Marine Cobra helicopter crash kills two in East County By Debbi Baker Union-Tribune Staff Writer Originally published 7:12 a.m. May 6, 2009, updated 10:43 a.m., May 6, 2009 A Marine AH-1W Super Cobra helicopter at Camp Pendleton in 2001.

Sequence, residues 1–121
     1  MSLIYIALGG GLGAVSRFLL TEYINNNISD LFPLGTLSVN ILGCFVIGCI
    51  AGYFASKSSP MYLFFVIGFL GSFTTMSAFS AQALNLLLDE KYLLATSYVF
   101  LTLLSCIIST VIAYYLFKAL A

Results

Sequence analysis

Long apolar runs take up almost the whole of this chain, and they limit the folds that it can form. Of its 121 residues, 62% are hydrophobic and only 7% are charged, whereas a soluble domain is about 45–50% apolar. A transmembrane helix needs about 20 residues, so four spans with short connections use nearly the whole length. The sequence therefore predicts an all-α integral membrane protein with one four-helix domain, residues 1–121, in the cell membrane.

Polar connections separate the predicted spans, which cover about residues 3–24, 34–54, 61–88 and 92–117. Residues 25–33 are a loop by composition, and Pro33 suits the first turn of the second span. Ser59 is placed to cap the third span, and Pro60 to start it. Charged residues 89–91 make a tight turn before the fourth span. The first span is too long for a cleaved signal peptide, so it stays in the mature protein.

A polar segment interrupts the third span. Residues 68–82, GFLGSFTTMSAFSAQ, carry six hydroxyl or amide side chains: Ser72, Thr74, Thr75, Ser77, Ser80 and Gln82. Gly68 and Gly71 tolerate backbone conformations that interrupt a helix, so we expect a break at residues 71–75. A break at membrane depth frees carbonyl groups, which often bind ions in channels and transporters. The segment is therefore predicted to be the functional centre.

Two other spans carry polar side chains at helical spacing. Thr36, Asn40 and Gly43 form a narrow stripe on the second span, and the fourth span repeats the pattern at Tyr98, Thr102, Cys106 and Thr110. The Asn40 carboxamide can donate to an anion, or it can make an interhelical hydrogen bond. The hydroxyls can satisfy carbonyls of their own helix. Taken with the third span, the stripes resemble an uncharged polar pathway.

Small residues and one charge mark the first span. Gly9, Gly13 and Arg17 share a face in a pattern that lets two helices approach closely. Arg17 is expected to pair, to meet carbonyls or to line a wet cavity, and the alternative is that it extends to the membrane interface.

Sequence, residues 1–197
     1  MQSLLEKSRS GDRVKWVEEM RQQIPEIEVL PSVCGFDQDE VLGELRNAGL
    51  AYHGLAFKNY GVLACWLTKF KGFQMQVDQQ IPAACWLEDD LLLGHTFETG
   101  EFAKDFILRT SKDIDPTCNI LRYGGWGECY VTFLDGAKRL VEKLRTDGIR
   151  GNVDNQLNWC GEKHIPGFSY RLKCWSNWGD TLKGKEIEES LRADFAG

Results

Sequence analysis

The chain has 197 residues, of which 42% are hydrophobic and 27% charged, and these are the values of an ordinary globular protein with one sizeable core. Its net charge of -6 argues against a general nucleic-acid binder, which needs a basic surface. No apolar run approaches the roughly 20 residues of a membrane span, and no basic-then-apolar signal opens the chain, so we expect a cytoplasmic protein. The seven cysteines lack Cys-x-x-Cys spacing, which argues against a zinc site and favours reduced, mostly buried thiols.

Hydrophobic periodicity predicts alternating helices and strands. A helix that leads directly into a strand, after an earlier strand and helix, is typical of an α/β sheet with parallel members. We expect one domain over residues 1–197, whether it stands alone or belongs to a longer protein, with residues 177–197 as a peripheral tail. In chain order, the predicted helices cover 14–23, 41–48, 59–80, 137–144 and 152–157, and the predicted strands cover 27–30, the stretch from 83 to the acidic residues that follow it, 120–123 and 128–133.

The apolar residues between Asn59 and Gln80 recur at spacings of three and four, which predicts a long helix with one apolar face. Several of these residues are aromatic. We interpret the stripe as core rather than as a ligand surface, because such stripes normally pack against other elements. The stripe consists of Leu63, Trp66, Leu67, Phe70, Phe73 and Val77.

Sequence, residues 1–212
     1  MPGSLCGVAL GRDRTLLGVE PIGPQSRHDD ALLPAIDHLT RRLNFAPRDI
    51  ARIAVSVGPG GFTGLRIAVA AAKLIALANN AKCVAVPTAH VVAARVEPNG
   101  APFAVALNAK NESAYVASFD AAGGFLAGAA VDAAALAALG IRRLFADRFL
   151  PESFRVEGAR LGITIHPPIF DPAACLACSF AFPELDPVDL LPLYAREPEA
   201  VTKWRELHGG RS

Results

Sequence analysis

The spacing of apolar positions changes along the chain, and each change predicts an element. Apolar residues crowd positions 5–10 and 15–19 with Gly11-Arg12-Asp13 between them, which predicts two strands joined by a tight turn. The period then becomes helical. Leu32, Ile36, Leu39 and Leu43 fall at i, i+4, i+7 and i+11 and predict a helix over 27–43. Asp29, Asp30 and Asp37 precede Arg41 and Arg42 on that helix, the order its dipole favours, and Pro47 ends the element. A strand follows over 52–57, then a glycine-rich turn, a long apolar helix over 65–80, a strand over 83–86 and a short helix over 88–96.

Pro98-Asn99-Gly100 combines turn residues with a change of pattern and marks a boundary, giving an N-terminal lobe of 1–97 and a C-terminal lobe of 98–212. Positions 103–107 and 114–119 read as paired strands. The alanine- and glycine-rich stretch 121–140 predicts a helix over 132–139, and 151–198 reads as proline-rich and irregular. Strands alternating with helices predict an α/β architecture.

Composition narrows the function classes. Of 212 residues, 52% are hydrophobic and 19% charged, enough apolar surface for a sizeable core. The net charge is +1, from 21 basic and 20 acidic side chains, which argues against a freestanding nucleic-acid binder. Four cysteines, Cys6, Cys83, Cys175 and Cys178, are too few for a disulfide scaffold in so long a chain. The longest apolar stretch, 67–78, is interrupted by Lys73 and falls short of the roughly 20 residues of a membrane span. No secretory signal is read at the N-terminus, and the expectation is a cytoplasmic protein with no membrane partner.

– U-T file photo Related links About.com: United States Marine Corps' AH-1W Super Cobra helicopter EAST COUNTY — Two pilots were killed when a Marine AH-1W Super Cobra helicopter carrying live ordnance crashed in a remote area of Cleveland National Forest, about six miles east of Pine Valley, on Tuesday night. The crash sparked a brush fire that is still burning, but it poses no threat to any structures. On Wednesday morning, firefighters were ordered to stay back due to unexploded munitions, said Brian Rhodes, a U.S. Forest Service battalion chief. The helicopter, from the 3rd Marine Aircraft Wing based at Miramar Marine Corps Air Station, went down about 11:45 p.m. Tuesday night, said Marine Maj. Jay de la Rosa. The squadron was training with the 11th Marine Expeditionary Unit out of Camp Pendleton and is scheduled to deploy this fall to the Western Pacific. The helicopter, which was flying with at least one other aircraft, took off from an airfield in El Centro about 30 to 40 minutes before the crash, officials said. Firefighters were called to the crash site, about two miles north of Interstate 8 near Kitchen Creek Road, after someone called to report that he heard a large explosion and saw a fire, Rhodes said. That man later told officials he heard a second large explosion about 30 minutes later. When firefighters arrived, they saw a military helicopter circling overhead, Rhodes said. About the same time, they received a call from the military that said an aircraft was missing, the chief said. It crashed in a remote location off a trail accessible only by four-wheel-drive vehicles. Firefighters have set up a staging area at Cibbets Flats campground. The fire has burned about 2 acres, with several smoldering hot spots, said Acree Shreve, a U.S Forest Service division chief. Several unexploded weapons are scattered over a large area covered by brush and surrounded by spot fires, Shreve said. This poses a problem to firefighters, who are trying to extinguish the flames, and military investigators, who are trying to access the site to conduct an investigation. “It's an extreme hazard mixed in with a small fire,” Shreve said. The helicopter was carrying several rockets, which are 2.75 inches in diameter, the chief said. The pilots were highly skilled and “at the top of their game,” De la Rosa said. He said his heart and prayers go out to the families of the crew members. “This is a horrible loss,” the major said. Investigators are still trying to determine the cause of the crash and have not said if the pilots made any distress calls prior to the crash. The identities of the pilots have not been released.